Koitere Lake, North Karelia
Environmental collaboration – a new style of governance in a changing world
There are many doubts about how traditional democratic mechanisms can work in a new globalized world, where power relations and stakeholder relations are so complicated and difficult. Elected representatives have no longer full control over the well-being of their electorate (the question remains whether they ever have had it). Life of people is shaped by multinational companies more than by local governments sometimes. National laws or EU laws not always correspond with local habits and relationships. This summer, I was lucky to take part in an international summer school Environmental Collaboration and Conflict Resolution organized by the University of Eastern Finland. Here are some of my reflections of what we discussed there.
Environmental conflicts about nature or natural resources occur mostly in places with various (seemingly) incompatible visions of how these resources should be managed. It may be above mentioned lake or a river dam, it may be forest with all its diverse functions and possibilities, a waste dump, a former or present mine, a seashore, or any other ecosystem.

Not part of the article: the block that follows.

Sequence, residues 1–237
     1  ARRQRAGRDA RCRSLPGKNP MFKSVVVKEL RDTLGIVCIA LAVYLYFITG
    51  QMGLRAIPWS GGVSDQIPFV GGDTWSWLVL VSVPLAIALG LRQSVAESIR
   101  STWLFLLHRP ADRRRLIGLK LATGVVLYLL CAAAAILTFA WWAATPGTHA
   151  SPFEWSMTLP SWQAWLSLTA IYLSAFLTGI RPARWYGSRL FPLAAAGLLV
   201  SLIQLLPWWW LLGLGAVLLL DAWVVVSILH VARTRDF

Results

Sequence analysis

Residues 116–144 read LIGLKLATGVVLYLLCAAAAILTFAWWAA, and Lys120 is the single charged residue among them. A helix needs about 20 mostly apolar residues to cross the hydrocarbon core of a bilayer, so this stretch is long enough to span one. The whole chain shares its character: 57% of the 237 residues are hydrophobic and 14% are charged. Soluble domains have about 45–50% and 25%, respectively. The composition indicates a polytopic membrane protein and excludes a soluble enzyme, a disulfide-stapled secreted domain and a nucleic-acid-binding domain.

The specific feature of these types of conflicts is their high number of stakeholders and complicated power relations. In the specific case of Lake Koitere in Eastern Karelia, we have following stakeholders: the Finish government represented by local government agency, power plant company Vattenfall with the Swedish government as its main owner, local governments of the surrounding villages, and various associations of local (e.g. fishermen) and national interests (e.g. ornithologists). These people and groups hold different power in their hands, different responsibilities, and represent different interests. The main source of conflict was the level of water that became unstable because of the power plant that was drawing too much water. However, the conflict had also its painful history, when people were made to leave their homes because of the river dam, the history of the state and the business being insensitive to people´s way of life, or even their feelings to the place where they lived and the community they have shared. This remained me very much of several such cases in Slovakia before 1989, where people were forced by the communist power to leave everything they loved, just because of “progress”.